THERE’S high praise for the Nissan GT-R in the latest edition of Autocar magazine.
Writer Steve Sutcliffe compares the car to a BMW M5 and runs a series of tests in which the GT-R emerges triumphant.
He tells how a reader emailed him to ask whether there was any reason not to buy an M5 – and after giving the matter some thought, ‘an answer appeared out of left field: the 2012 Nissan GT-R.’
Sutcliffe writes: ‘In the acceleration tests, the M5 got so badly thumped that I swear you could see tears weeping from its headlights at one point.’
And he adds: ‘Under brakes, from 100mph to zero, the M5 felt reasonably incredible in isolation, coming to a standstill from three figures in a mere 4.5sec. But then the GT-R just blew it to pieces, stopping tens of metres sooner from 100mph and taking half a second less in which to do so.’
Sutcliffe goes on to sing the GT-R’s praises for a wide variety of other reasons, before concluding: ‘The GT-R was a whole lot more fun to drive. And it wasn’t just me who thought this but anyone and everyone who drove the two cars during the day.’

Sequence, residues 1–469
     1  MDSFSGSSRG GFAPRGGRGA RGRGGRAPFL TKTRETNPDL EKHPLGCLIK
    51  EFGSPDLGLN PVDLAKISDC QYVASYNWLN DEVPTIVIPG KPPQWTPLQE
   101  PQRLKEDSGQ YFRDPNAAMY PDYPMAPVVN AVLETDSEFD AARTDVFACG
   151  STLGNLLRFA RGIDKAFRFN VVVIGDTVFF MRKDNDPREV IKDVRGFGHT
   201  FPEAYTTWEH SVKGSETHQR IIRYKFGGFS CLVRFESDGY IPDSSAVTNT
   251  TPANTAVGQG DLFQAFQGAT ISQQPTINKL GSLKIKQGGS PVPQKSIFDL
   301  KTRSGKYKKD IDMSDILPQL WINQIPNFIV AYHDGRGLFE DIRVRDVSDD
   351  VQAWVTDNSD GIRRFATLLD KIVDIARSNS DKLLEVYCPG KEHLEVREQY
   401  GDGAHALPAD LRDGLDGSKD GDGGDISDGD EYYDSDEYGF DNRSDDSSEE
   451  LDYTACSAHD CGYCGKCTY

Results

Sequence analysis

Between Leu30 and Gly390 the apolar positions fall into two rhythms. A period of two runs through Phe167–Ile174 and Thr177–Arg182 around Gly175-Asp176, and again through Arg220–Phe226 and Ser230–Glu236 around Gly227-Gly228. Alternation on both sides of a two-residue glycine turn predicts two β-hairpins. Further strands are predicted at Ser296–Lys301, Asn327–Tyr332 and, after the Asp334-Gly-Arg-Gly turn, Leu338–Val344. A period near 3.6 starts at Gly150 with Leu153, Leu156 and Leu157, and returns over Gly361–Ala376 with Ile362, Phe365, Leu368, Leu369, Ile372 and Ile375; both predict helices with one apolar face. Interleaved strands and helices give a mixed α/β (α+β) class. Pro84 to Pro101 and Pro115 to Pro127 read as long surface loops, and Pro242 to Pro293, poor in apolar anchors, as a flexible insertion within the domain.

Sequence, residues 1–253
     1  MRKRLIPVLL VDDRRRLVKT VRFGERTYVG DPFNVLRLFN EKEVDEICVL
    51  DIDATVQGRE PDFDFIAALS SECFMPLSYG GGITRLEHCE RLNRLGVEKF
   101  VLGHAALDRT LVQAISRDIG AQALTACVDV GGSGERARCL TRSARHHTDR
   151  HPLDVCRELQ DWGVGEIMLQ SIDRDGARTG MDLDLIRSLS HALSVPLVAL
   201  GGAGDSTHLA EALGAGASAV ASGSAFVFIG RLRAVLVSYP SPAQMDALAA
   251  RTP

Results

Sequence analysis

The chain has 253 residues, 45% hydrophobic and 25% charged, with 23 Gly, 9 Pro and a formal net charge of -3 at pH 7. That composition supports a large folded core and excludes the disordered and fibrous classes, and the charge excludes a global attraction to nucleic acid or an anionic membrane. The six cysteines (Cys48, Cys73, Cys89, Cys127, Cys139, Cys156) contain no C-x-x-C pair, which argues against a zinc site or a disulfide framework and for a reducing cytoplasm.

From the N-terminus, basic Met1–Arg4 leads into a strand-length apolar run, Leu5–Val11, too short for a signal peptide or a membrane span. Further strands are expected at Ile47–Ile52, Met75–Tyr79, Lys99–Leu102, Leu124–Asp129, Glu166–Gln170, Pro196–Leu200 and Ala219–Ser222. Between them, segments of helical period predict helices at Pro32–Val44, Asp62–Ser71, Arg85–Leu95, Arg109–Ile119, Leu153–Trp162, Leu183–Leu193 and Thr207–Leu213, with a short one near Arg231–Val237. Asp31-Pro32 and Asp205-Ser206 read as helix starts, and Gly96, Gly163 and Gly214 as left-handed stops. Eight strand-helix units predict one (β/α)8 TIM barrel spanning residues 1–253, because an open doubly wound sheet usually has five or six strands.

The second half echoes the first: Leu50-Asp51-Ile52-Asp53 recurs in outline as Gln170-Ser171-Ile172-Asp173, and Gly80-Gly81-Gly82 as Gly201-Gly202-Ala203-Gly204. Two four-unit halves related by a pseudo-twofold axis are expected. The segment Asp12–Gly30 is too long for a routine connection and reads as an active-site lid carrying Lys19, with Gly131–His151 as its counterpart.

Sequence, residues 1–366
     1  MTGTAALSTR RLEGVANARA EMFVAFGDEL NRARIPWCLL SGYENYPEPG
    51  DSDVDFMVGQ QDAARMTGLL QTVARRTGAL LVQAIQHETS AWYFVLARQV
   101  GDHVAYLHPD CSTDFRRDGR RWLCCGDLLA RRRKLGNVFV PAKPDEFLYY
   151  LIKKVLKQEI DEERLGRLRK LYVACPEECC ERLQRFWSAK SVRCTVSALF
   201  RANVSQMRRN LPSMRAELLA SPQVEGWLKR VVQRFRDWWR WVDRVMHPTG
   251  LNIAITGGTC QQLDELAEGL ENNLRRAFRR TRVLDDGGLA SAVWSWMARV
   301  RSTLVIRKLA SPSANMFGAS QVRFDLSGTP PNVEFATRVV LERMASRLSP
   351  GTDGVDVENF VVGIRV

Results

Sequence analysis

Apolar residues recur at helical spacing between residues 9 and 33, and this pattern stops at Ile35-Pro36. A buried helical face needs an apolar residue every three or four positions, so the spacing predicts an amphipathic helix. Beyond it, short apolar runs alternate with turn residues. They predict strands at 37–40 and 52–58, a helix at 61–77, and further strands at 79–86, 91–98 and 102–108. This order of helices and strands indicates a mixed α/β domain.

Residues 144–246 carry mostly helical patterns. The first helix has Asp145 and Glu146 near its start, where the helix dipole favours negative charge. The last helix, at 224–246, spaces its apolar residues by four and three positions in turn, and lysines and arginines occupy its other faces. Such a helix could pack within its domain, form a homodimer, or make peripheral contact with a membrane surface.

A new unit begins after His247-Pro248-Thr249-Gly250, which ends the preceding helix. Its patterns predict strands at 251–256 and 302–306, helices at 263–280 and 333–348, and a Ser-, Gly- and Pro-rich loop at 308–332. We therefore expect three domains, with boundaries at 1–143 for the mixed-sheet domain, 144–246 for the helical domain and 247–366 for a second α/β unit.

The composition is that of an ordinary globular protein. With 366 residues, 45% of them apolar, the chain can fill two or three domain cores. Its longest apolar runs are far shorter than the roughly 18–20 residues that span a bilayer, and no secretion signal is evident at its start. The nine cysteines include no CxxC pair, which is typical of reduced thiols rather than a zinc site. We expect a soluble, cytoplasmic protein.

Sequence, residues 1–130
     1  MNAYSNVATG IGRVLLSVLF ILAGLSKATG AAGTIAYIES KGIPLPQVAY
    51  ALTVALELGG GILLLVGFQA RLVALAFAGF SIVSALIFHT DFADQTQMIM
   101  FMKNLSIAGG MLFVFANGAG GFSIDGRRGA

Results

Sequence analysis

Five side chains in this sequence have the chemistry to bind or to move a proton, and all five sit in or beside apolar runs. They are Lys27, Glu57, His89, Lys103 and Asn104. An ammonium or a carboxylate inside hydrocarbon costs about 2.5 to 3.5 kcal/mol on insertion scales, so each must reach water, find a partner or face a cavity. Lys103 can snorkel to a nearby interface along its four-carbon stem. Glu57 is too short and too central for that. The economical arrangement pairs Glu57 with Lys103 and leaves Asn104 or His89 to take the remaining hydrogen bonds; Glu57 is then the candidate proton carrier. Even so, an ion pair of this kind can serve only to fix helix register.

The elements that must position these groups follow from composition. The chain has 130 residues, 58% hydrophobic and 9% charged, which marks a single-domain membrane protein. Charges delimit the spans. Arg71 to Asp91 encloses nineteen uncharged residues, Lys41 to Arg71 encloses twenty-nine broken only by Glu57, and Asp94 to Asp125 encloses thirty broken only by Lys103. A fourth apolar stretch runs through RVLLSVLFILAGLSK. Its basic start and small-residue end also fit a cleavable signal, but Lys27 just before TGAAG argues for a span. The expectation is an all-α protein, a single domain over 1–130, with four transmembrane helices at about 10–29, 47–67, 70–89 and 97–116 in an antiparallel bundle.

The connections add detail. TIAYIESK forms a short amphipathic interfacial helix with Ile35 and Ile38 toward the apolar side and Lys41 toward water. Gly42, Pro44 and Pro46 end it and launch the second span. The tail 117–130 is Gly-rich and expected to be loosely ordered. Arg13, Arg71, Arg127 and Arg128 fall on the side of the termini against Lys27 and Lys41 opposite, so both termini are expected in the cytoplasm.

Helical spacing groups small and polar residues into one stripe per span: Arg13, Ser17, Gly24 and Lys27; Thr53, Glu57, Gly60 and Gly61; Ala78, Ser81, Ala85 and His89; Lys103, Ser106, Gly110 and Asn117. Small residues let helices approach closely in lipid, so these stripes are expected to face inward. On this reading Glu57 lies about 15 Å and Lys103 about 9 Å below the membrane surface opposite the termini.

The Nissan GT-R is an icon of Nissan’s pioneer spirit; the company invented the concept of the ‘multi-performance super car’ and made high-performance vehicles accessible.
It continues to evolve; the 2012 version has improved features in terms of performance, efficiency and refinement to provide further excitement to drivers and passengers.
Boasting improved maximum engine output and fuel efficiency (thereby reducing CO2 emissions), it comes equipped with asymmetric suspension, multi-performance speed, and a highly responsive driving performance which provides a stable, top-quality driving experience.